The Clean Energy Finance Corporation has announced it will loan up to $9.1 million to the University of Melbourne, to accelerate the installation of solar PV and other renewable and energy efficiency technologies in an effort to cut energy costs and improve sustainability.
The University says the measures – including voltage optimisation, freezer upgrades, and the installation of solar PV, solar thermal and wind micro-turbines – will reduce its grid electricity use by around 8 per cent; not bad considering the university has the energy requirements of a town the size of Warrnambool.
The voltage optimisation equipment – which controls and corrects incoming power voltage to increase building energy efficiency – is expected to produce the biggest energy saving, reducing consumption by more than 4GWh per annum. It also has the added benefit of reducing operating and maintenance costs.
The funding will also see a total of 1.5MW of solar PV installed across 18 roof spaces, which will offset grid energy by generating more than 2.2GWh of electricity a year. The university also plans to install three micro wind turbines on three separate buildings, to demonstrate their potential.
A concentrated solar thermal power system will also be installed, to be used for space and swimming pool heating, with expected energy savings of 0.75GWh.
The measures are also expected to cut the university’s emissions by more than 9,000 tonnes a year, thus contributing to its commitment to achieve carbon neutrality by 2030.
For the CEFC, the project falls under the green bank’s investment mandate of financing emerging and innovative renewable energy technologies and energy efficiency for cities and the built environment.
“Australia’s 39 universities make a major contribution to the national economy and to the Australian community,” said the CEFC’s executive director of corporate and project finance, Paul McCartney.
“Yet they face the ongoing challenges of public budget restraint, intensifying global competition and the need to use cutting edge technologies to meet increasing student expectations.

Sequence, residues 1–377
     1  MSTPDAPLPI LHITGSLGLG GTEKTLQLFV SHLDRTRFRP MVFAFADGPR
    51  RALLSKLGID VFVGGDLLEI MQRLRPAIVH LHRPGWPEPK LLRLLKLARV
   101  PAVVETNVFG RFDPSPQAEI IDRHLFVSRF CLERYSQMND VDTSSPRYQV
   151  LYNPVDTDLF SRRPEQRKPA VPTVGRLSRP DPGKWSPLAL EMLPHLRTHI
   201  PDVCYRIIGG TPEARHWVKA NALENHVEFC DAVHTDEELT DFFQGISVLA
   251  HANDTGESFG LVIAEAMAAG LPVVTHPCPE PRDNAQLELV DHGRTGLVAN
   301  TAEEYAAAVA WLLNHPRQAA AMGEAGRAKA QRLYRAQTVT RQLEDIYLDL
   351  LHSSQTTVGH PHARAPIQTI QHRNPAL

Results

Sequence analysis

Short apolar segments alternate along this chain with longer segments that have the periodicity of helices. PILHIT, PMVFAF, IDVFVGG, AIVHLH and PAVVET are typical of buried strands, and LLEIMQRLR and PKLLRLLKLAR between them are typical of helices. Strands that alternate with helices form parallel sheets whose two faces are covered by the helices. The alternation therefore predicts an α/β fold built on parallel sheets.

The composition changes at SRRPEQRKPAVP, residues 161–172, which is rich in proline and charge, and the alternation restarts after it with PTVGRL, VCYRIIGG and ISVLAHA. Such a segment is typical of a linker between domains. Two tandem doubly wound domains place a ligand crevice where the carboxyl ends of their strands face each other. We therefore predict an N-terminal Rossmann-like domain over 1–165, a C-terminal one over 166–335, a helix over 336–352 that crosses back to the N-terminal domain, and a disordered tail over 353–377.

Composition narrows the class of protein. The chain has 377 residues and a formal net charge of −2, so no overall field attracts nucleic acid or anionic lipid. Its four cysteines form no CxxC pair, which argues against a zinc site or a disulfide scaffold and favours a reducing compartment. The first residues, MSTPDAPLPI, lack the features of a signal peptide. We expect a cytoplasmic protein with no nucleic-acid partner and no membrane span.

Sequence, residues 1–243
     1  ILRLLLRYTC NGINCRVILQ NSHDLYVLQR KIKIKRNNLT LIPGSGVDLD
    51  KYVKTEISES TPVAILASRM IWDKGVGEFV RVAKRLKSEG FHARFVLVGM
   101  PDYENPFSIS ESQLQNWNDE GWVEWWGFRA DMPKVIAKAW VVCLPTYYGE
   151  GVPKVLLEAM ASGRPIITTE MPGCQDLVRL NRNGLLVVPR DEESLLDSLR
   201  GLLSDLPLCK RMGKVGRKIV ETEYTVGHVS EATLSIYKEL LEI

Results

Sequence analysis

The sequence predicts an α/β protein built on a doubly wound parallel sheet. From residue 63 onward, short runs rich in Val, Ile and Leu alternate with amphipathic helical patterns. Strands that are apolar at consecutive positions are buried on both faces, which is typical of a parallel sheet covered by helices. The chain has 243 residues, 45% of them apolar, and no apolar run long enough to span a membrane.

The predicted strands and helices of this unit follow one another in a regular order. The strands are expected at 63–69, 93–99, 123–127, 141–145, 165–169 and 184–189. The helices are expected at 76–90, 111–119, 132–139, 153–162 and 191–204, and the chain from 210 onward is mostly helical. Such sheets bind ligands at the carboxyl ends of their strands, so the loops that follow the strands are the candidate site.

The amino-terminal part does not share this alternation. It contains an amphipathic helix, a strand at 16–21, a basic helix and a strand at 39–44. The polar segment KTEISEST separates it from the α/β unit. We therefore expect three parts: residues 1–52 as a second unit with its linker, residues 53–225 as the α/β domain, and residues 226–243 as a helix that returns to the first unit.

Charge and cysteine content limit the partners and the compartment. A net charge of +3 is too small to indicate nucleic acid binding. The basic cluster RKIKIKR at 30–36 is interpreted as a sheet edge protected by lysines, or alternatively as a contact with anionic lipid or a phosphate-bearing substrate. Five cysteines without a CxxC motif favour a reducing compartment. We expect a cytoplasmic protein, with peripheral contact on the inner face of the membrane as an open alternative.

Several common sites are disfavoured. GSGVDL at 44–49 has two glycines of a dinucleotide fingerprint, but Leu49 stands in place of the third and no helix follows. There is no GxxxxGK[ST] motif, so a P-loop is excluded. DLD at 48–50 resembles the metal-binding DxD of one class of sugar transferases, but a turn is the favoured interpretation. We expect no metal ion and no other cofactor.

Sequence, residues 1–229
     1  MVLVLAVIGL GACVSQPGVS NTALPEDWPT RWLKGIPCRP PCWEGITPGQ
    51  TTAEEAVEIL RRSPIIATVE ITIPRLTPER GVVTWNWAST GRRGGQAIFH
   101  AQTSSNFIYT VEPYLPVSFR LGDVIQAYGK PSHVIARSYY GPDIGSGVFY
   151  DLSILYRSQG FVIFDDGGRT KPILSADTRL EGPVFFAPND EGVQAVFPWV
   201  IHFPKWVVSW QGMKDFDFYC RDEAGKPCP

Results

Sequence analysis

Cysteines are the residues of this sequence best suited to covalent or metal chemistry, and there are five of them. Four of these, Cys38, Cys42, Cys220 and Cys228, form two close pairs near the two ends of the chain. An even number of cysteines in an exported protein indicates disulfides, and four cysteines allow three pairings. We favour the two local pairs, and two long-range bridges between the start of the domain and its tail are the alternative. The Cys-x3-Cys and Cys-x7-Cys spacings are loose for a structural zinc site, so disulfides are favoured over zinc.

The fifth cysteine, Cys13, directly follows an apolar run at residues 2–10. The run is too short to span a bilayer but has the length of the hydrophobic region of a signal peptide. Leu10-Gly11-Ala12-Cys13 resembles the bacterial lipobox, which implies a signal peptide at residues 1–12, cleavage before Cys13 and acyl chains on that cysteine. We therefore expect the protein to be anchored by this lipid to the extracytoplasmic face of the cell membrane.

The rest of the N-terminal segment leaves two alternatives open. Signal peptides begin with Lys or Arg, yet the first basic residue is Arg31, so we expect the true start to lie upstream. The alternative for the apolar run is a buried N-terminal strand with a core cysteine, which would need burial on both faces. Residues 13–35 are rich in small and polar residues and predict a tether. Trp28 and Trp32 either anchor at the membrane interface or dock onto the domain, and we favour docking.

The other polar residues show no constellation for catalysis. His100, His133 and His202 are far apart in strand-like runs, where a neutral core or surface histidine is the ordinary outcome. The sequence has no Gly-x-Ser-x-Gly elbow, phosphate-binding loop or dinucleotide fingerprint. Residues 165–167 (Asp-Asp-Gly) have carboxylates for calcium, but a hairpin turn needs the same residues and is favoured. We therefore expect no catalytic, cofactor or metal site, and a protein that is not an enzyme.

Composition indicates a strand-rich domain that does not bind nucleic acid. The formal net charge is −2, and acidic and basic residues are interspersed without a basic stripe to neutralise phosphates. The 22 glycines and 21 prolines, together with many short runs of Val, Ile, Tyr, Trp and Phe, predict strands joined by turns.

“Clean energy installations like those being undertaken by the University of Melbourne can help universities meet these challenges through an investment that results in reduced environmental impact, higher productivity and stronger financial performance.”
McCartney said the CEFC was looking to work on similar projects with other Australian universities, to help them achieve increased sustainability and cost cuts through energy efficient and renewable technologies.
“The CEFC’s finance can be structured over a longer term than traditionally offered by banks, tailored to match the cost savings delivered through the reduction in grid energy usage,” he said.
According to McCartney, around half of the energy consumption on a typical university campus is directly related to heating, ventilation and air conditioning requirements, with about one third relating to equipment and almost 20 per cent relating to lighting.
“These are all areas where the introduction of renewable energy and energy efficient equipment can really drive down energy usage and therefore significantly reduce energy emissions and costs,” he said.
“We see enormous potential for this important economic sector to increase its productivity and economic impact while reducing emissions through the introduction of clean energy technology.”